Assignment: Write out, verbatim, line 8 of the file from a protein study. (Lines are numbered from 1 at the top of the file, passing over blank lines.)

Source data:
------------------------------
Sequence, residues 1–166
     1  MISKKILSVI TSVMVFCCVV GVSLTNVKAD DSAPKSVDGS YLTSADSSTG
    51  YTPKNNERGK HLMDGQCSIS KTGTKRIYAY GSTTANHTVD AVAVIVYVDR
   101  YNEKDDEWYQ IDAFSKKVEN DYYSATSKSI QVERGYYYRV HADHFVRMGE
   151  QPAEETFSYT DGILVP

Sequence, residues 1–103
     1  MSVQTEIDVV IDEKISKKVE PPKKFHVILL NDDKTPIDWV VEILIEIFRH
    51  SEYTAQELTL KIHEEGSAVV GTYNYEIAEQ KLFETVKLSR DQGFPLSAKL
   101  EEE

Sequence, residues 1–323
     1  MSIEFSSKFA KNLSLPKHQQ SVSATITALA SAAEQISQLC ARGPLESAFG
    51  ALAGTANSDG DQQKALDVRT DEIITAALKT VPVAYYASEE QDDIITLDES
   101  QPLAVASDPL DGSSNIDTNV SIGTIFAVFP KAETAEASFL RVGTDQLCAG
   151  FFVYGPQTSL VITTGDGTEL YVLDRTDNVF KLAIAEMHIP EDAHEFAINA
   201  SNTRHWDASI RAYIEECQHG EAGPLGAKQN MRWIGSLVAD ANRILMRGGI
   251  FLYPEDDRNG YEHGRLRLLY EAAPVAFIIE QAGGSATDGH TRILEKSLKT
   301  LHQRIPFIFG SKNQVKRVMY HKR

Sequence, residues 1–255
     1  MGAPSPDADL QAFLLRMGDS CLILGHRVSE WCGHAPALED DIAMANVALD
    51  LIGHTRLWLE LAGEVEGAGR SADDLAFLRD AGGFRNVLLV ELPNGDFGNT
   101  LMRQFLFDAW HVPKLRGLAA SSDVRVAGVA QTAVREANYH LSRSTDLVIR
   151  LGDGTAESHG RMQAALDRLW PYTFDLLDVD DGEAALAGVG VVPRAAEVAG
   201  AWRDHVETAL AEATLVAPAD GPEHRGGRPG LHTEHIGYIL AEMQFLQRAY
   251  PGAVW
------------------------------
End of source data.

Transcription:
    51  SEYTAQELTL KIHEEGSAVV GTYNYEIAEQ KLFETVKLSR DQGFPLSAKL